What I think does ultimately matter is the ability of professional media to build specialized interfaces and vertical data stores that are suited to their niche, hopefully harnessing data and services from the consumer internet, and mashing them up with specialized, perhaps private, data stores. Put that together with metadata for programmable re-use, and you may really have something.

On the end of timing arbitrage due to zero latency in information distribution, I have to disagree with Devin. There’s still a huge amount of information that never hits the market because people aren’t paying attention to the right things. David Leinweber, who spoke at the conference yesterday, gave a great example, of a huge price move in the stock of a pharmaceutical company as a result of news of successful clinical trials for a cancer vaccine. Every single news story on the subject resulted from the company’s press release, yet there was information available on the web months in advance of the story. Leinwebber’s point: it isn’t about speeding up news distribution, but about getting better access to sources of the news. As he said: “You have to get the news before the news people get there.”

Even in areas like company financials, the bread and butter of equity analysis, is there any reason why earnings are still reported only quarterly? There may one day be a company that breaks ranks, and shows its data in real-time (as it is increasingly coming to company executives.) The expectation of radical transparency may one day reach even into this relic of the 19th century.

I also think there’s a huge opportunity to get to data sooner via the sensor revolution. When phones report location (disclosure: O’Reilly AlphaTech Ventures investment), when phones listen to ambient sound, when credit cards report spending patterns (disclosure: OATV investment), when cars report their miles traveled, when we’re increasingly turning every device into a sensor for the global brain, there will be more and more sources of data to be mined.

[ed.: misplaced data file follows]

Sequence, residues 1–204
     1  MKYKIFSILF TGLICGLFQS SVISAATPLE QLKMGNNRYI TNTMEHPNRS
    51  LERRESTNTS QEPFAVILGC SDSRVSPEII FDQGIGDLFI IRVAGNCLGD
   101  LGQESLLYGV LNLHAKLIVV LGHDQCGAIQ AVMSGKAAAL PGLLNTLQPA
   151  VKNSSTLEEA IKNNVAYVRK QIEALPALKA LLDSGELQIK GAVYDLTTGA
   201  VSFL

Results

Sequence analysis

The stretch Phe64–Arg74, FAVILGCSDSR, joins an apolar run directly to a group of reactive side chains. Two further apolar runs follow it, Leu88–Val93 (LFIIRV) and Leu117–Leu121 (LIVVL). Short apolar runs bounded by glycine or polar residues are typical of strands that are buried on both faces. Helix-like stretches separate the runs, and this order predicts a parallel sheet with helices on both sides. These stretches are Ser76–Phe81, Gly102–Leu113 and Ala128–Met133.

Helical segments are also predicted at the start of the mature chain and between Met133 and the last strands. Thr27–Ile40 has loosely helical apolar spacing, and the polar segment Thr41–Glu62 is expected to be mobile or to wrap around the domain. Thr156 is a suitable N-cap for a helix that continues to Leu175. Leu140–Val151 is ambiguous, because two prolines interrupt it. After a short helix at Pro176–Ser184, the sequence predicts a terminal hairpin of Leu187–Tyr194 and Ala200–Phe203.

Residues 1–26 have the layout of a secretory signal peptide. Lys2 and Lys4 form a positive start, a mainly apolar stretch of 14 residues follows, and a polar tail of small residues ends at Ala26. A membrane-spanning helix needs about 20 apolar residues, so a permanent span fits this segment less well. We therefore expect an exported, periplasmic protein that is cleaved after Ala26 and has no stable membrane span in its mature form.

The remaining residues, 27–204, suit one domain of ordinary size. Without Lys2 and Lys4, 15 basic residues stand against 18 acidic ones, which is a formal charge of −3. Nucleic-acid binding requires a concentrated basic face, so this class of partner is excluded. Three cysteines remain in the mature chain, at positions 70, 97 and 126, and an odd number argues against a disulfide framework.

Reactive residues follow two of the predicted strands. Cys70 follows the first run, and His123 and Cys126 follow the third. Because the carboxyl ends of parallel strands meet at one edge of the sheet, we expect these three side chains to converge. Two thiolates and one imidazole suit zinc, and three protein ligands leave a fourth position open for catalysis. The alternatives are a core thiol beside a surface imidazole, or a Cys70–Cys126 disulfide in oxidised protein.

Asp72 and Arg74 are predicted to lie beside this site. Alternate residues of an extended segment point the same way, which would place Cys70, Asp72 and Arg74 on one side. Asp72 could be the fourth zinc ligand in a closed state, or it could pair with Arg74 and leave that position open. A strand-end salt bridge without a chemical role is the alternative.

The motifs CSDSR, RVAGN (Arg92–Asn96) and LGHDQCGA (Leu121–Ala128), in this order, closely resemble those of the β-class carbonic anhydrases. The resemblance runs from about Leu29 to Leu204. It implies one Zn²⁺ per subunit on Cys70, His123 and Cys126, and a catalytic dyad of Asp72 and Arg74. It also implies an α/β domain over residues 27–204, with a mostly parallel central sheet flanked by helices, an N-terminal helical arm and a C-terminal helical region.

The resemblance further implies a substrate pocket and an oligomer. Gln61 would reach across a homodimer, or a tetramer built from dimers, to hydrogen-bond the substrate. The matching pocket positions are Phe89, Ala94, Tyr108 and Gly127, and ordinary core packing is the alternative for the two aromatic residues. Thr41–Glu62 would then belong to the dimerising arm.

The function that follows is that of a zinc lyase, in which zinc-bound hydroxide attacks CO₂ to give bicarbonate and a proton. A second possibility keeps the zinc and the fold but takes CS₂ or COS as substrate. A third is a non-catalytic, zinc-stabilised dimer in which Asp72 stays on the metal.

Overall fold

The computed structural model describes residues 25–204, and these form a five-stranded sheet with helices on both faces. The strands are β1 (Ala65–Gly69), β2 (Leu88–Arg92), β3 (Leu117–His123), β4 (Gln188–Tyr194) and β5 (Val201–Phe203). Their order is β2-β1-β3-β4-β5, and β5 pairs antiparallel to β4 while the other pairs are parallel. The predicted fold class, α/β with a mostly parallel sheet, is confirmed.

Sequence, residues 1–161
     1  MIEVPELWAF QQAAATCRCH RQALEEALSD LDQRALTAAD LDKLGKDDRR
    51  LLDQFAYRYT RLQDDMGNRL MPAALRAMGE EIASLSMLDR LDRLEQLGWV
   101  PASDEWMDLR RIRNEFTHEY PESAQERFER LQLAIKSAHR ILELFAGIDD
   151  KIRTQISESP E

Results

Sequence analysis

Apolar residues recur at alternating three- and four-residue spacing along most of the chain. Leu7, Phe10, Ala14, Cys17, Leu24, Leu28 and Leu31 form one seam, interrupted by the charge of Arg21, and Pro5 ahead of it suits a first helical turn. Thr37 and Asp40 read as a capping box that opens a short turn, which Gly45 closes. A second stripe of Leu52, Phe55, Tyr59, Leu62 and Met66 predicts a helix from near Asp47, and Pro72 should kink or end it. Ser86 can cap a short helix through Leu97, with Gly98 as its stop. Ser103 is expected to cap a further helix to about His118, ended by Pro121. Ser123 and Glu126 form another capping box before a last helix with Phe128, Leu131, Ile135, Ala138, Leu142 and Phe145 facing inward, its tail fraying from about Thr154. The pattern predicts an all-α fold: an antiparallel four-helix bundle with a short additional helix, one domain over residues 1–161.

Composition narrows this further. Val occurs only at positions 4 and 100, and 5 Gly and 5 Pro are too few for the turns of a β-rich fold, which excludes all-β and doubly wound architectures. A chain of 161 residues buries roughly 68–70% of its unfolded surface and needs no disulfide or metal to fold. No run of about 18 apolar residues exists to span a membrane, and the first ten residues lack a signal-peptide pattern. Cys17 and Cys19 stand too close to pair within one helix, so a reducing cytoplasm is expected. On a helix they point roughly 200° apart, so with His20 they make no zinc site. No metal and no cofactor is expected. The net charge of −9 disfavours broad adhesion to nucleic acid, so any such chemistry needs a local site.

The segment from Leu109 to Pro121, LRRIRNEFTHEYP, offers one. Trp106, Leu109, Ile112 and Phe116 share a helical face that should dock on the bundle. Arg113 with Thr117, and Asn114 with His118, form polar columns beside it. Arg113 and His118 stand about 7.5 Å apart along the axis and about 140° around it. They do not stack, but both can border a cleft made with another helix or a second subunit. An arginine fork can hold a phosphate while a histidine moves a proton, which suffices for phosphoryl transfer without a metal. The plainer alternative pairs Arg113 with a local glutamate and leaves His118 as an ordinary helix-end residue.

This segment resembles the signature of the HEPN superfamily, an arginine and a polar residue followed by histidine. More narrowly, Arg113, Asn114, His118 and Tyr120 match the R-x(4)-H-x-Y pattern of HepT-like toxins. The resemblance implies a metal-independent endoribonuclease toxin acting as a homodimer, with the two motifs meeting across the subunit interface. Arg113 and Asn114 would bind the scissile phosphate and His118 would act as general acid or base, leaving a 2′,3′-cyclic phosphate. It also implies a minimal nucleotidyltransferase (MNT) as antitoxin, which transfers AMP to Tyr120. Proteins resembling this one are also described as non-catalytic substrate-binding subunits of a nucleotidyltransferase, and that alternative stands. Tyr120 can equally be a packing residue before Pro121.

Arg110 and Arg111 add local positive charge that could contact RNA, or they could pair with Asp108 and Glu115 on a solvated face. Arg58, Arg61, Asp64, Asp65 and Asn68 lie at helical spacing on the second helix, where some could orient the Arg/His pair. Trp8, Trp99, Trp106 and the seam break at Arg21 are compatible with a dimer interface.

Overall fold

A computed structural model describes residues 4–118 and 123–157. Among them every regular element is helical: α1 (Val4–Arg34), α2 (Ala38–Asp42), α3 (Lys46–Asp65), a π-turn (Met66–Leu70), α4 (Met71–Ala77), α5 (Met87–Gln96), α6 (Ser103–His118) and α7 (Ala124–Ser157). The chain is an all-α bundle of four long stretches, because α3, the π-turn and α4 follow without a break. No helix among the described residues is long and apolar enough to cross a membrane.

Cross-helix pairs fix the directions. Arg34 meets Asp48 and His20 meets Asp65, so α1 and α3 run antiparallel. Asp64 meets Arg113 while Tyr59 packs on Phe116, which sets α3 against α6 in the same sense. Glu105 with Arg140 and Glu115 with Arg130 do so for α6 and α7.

And yes, we’ll need humans (at least for a while) as the last mile to extract meaning from all that data. But we’ll want those humans to be augmented with tools that notice patterns and exceptions as they happen, not just after the “news” hits.

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  • http://tommi.raivio.net Tommi

    Great post, Tim! If you’re going to keep at this I’d really love to hear more about how you’d think non-profits could better fit this conglomeration of new trends…

  • http://softwareblogs.intel.com/author/kevin-farnham/ Kevin Farnham

    1. I found Devin’s comments about focusing on the expectations of the new generation of traders very interesting as well. The late Thursday afternoon panel “What Do Hedge Fund Managers Really Want?” talked about the huge generational expectations gap between institutional money managers in their 50s and incoming professionals in their 20s. It sounds like Reuters sees the necessity for revolutionary change in this area — opening of the trading desk to the rich content available on the Web (whereas many established institutional investment firms block access even to Facebook from within the corporate walls).

    2. I loved Devin’s comment about Reuters gaining their first latency competitive advantage 150 years ago through the use of carrier pigeons to transport information.

    The semantic web seems to have fallen somewhat off the radar screen over the past few years — the Web is simply growing so fast in other ways (for example, Web 2.0). But, one of the things Money:Tech highlighted for me is that the Web is not a one-size-fits-all entity. What’s great for normal users, and even basic business use, does not by any means meet the needs of institutional traders. And, clearly, what we saw at Money:Tech represents the heart of the global financial system. Their success or failure affects us all.

    The semantic web may not be critical for normal users; but for Wall Street, appropriate semantic tagging of content is significantly advantageous. Just as we have special purpose corporate VPNs, encrypted networks, etc., along with the open Internet channels we all use, financial professionals really do need a specialized semantic web for their own use. Searching for information at Google speed and manually sifting through the results simply won’t accomplish the task at hand.

    Another point from the conference: we’ll always need humans to vet the results of automation. I’ve worked on this stuff for decades, and you always have to monitor the results. The simplest way to do this is using visualization (we saw a lot of examples of this at Money:Tech as well).